One of a number of different cells that play a part in the body's defences and give immunity against disease. Some (neutrophils and macrophages) engulf invading micro-organisms, others kill infected cells, while lymphocytes produce more specific immune responses. White blood cells are colourless, with clear or granulated cytoplasm, and are capable of independent amoeboid movement. They occur in the blood, lymph, and elsewhere in the body's tissues. Unlike mature red blood cells they contain a nucleus.
Human blood contains about 11,000 leucocytes to the cubic millimetre – about one to every 500 red blood cells. White blood cell numbers may be reduced (leucopenia) by starvation, pernicious anaemia, and certain infections, such as typhoid and malaria. An increase in their numbers (leucocytosis) is a reaction to normal events such as digestion, exertion, and pregnancy, and to abnormal ones such as loss of blood, cancer, and most infections.
Some white cells can produce antibodies. Antibodies are specific proteins that can attach to chemicals that do not belong to the body, such as toxins or chemicals on disease-causing bacteria. Chemicals that do not belong to the body are said to be ‘foreign’. If these chemicals cause the body to produce antibodies, they are called antigens. Once these foreign chemicals have contacted the blood, some white blood cells can retain the memory of the particular antibody that is needed for defence. The next time the antibody is needed it is produced quickly and in large amounts to prevent the body being harmed – the body shows immunity to the disease. This is also the basis of immunization by a vaccine.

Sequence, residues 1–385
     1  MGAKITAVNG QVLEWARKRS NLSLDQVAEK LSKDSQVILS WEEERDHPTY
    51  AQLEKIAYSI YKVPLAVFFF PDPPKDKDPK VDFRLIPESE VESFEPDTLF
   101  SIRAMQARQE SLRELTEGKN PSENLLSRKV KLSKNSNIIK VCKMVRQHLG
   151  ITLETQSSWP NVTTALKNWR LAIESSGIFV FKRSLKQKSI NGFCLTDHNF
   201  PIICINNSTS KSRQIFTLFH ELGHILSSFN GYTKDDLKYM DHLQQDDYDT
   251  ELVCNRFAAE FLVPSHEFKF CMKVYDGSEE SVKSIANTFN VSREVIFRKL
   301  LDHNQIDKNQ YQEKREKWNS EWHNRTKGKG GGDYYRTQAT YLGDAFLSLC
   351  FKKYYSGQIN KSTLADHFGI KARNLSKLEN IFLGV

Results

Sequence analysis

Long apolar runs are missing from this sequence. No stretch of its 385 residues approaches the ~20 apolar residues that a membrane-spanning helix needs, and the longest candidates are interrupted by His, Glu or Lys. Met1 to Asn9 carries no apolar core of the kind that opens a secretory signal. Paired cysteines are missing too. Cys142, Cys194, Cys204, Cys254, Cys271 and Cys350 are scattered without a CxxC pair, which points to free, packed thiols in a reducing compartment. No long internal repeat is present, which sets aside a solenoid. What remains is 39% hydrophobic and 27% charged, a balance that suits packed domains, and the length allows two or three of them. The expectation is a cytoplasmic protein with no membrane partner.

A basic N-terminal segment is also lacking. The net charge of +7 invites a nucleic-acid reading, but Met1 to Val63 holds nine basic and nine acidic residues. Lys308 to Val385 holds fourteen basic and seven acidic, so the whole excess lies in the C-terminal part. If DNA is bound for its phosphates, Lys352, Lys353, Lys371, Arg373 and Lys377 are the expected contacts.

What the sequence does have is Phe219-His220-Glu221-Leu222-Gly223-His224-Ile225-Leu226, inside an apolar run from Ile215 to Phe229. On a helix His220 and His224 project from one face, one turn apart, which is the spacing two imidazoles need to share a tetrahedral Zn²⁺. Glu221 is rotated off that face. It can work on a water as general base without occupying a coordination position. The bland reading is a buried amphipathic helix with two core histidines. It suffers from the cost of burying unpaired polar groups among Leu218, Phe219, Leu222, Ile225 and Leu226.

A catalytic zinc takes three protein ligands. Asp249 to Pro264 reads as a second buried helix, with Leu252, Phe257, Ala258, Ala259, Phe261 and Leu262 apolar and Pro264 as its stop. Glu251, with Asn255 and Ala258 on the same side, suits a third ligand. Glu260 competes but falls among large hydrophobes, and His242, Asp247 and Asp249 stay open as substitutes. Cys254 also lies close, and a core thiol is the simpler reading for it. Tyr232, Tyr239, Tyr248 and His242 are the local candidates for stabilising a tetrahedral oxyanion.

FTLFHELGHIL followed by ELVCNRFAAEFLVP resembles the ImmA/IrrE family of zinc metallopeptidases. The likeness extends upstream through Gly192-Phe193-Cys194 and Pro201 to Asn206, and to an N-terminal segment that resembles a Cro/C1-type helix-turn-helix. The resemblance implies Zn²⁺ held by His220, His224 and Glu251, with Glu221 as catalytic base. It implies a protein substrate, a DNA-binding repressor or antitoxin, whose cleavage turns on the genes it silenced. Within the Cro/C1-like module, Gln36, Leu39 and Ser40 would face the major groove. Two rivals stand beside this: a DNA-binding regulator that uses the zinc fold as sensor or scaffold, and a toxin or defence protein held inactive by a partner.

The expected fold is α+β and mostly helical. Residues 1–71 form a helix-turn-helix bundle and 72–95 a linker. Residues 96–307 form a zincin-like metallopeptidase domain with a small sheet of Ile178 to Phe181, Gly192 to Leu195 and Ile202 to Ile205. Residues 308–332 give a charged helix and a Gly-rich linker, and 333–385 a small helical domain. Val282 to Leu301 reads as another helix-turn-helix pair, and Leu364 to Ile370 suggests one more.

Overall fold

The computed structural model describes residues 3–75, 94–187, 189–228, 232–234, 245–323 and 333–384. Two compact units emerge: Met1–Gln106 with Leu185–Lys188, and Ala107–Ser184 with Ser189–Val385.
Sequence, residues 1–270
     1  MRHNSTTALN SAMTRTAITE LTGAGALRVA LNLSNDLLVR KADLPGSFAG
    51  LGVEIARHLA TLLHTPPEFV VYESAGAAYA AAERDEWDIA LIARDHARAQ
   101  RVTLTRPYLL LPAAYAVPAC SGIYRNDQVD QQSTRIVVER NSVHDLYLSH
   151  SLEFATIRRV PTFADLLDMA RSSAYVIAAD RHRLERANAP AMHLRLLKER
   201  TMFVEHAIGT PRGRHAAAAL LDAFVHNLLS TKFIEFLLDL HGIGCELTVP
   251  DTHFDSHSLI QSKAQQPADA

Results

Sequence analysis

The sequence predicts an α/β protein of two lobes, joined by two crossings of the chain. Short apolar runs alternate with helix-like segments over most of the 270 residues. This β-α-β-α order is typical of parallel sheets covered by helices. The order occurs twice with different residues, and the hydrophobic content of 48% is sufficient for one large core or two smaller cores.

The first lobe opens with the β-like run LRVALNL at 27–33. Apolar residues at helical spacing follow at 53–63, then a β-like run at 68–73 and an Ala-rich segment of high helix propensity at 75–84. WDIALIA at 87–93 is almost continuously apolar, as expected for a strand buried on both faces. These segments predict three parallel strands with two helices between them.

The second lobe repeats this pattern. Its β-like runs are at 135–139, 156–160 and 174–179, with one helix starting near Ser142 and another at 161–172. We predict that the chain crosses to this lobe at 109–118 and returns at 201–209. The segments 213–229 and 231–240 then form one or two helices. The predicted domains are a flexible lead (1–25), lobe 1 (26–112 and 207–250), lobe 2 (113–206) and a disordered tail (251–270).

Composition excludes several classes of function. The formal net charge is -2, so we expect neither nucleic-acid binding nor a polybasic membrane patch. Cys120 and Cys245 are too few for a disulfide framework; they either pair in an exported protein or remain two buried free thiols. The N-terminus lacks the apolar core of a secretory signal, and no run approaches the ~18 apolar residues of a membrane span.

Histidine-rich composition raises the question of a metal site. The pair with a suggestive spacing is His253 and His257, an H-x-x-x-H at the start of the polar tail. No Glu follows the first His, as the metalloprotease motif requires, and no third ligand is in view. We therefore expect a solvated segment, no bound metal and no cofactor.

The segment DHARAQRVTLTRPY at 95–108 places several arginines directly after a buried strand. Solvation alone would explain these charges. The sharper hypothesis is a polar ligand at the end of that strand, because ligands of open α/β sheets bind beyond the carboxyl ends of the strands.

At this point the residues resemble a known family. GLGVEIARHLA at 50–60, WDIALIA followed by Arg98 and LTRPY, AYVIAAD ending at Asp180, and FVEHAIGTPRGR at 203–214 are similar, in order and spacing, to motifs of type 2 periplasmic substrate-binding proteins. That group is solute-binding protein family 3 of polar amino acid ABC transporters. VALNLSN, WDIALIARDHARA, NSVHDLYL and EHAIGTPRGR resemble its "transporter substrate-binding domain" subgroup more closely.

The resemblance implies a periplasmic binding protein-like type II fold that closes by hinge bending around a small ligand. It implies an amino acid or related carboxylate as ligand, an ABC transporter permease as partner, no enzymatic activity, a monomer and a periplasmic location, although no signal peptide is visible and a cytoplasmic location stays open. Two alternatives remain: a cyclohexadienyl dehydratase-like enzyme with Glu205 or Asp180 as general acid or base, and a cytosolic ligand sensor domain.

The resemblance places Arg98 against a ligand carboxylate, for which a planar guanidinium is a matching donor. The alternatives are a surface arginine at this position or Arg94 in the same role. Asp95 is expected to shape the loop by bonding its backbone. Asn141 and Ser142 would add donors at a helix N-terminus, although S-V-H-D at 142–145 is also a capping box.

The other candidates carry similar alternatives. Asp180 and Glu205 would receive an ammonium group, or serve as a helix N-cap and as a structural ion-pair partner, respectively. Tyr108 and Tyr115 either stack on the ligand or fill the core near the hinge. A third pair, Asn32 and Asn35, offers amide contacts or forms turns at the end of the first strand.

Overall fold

Constituents of blood
How Blood Helps to Prevent Disease
Immunity: T and B cells and monoclonal antibodies
Defence mechanisms, immunization and medicines
Using Monoclonal Antibodies
white blood cell
white blood cells fight infection
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